Affordable housing has long been a crisis issue in Florida, which leads the nation in housing unaffordability.
One study by Apartment List shows that 56.5% of renters spend 30% or more of their income on housing.
The state fund for affordable housing gets raided by the state legislature year after year, its monies diverted to other issues. So, throughout the state, local governments have enacted laws that require developers to kick in money or units for affordable housing in exchange for getting their own projects approved. Developers have balked at having to shoulder this expense.
So-called “linkage fees” come into play when governments require a developer seeking project approvals to also provide a specific number of affordable housing units or to contribute to a housing fund. Jupiter, Winter Park and Coconut Creek have all implemented linkage fees, according to the Florida Housing Coalition.
“Commercial and high-end market rate residential development increase the need for employment of low wage workers who will be in need of affordable housing within the community,” the nonprofit states on its website.
Citing a Florida House staff analysis, commercial real estate industry group NAIOP said that linkage fees in the state range from $0.37 to $2.42 per SF for new developments.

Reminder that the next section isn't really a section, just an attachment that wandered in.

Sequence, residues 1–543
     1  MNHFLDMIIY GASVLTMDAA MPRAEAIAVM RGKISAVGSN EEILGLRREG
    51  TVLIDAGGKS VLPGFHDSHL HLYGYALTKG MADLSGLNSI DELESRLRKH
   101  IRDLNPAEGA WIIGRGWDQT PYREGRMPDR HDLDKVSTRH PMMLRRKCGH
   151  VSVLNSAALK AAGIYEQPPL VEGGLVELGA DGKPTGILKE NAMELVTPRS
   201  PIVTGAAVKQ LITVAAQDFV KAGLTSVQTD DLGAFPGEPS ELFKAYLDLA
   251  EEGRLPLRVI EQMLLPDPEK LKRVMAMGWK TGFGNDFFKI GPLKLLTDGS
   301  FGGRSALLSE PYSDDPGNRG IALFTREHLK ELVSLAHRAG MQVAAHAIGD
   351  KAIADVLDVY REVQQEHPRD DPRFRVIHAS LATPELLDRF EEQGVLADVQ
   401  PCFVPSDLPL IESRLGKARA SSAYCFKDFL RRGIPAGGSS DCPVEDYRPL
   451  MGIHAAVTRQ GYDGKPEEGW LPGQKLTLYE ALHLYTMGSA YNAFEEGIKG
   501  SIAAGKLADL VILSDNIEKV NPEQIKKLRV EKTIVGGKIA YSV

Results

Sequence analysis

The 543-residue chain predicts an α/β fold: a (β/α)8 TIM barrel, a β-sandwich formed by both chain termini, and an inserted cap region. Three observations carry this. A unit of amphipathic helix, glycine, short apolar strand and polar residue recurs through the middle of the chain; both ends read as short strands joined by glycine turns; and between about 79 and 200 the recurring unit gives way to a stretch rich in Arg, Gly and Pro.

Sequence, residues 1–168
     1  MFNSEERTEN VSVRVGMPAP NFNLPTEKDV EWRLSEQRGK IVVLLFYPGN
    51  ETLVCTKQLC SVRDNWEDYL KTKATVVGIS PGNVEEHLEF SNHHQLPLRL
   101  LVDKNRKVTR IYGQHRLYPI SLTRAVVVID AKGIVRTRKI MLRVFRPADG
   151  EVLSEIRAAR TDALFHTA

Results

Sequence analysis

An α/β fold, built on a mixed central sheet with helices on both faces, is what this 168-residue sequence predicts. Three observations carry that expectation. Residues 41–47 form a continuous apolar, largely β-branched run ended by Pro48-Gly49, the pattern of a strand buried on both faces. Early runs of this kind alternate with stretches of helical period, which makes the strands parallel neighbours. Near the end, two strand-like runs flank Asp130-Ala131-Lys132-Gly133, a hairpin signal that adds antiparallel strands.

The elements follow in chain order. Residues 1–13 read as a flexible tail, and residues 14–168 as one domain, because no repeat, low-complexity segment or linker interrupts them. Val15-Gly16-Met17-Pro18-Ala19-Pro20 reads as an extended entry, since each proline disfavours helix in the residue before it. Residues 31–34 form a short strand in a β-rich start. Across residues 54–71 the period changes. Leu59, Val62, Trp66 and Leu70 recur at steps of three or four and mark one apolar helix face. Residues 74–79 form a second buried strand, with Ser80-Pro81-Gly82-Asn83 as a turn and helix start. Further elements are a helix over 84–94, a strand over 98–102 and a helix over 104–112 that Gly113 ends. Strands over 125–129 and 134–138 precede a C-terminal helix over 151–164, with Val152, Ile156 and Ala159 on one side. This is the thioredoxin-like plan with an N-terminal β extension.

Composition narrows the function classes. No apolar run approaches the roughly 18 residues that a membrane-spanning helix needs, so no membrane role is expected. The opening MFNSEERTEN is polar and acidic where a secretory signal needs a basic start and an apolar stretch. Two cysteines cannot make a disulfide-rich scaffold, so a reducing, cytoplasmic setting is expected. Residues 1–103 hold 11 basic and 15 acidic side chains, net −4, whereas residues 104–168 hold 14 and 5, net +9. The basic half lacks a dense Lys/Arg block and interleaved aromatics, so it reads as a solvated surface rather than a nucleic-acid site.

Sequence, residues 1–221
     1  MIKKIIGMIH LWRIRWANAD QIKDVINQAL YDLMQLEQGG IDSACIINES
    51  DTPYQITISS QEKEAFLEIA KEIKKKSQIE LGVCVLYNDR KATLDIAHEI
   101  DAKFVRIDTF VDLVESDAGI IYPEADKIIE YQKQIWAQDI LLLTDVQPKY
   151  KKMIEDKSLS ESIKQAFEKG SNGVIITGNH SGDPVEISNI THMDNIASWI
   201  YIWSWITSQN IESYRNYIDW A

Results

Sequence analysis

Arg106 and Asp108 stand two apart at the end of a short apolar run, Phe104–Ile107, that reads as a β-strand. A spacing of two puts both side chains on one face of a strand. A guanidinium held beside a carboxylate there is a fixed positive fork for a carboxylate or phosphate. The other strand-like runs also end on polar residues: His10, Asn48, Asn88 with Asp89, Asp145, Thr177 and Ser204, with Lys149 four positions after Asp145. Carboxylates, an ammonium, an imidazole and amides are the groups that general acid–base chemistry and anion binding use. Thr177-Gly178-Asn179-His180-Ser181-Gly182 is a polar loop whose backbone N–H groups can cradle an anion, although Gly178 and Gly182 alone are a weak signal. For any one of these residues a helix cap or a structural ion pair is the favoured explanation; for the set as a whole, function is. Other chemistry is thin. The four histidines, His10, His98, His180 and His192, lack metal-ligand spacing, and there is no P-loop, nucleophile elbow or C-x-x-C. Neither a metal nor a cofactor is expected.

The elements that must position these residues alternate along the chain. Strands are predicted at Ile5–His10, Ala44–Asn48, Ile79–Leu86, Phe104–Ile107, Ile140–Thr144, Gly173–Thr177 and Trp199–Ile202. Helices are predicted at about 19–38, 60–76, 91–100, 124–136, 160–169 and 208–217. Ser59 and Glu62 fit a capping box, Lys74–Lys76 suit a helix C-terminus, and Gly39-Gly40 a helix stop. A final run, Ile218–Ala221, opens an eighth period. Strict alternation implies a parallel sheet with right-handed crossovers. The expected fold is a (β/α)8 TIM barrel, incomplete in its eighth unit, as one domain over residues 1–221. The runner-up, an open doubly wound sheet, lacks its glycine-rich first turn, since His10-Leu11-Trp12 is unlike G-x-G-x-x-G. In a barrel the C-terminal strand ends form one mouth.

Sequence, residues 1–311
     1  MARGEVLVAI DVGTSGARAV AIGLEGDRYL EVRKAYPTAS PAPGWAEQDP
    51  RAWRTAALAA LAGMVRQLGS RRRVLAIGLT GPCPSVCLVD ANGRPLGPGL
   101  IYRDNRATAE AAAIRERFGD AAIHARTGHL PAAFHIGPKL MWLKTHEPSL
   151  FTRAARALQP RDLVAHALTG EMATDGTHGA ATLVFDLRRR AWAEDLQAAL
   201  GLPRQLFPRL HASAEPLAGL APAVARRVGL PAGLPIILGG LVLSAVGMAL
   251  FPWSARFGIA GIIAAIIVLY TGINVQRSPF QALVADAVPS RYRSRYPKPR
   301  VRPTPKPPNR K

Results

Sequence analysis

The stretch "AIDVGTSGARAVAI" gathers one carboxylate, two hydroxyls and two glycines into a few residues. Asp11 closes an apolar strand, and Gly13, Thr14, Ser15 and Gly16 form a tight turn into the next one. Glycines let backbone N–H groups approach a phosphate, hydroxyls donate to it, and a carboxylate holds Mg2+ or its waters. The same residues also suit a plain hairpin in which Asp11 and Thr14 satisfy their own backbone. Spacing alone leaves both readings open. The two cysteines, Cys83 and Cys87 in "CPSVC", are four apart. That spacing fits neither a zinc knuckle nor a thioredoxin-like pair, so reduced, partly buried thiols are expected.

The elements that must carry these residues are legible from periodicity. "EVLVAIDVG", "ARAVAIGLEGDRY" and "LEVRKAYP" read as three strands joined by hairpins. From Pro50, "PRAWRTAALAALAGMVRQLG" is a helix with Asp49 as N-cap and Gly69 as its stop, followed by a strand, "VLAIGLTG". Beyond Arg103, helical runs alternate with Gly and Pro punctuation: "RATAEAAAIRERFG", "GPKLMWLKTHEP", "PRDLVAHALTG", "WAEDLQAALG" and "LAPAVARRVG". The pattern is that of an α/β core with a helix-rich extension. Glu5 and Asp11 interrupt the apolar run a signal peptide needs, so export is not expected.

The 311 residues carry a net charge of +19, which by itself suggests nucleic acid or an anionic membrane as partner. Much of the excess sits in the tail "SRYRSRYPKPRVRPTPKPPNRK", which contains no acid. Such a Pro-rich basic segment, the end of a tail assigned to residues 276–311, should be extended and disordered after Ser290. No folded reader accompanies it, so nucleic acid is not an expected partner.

Last year, the state legislature passed HB7103, which requires any such requirement be cost-neutral for the developer. HB 1339, which passed this year and went into effect July 1, is an adjunct bill that goes a step further by specifying that linkage fees for affordable housing are also subject to the same cost offsets.
The bill requires local governments that levy linkage fees on new development projects to fully offset those costs. A municipality can make it cost-neutral for a developer by allowing it a density bonus or more floor space, or reduce or waive impact fees.
“The new law clarifies any potential ambiguity,” NAIOP Florida President Darcie Lunsford, executive vice president at Butters Realty & Management, said in a statement. “With more local governments looking to shift costs for affordable housing initiatives onto commercial projects, this became a priority for NAIOP chapters across the state, and a bona fide deal-killing threat for development. Considering that commercial real estate is nearly a $26B industry in Florida, supporting 227,512 jobs, it was imperative that we protect its viability, particularly in this fragile economic climate.”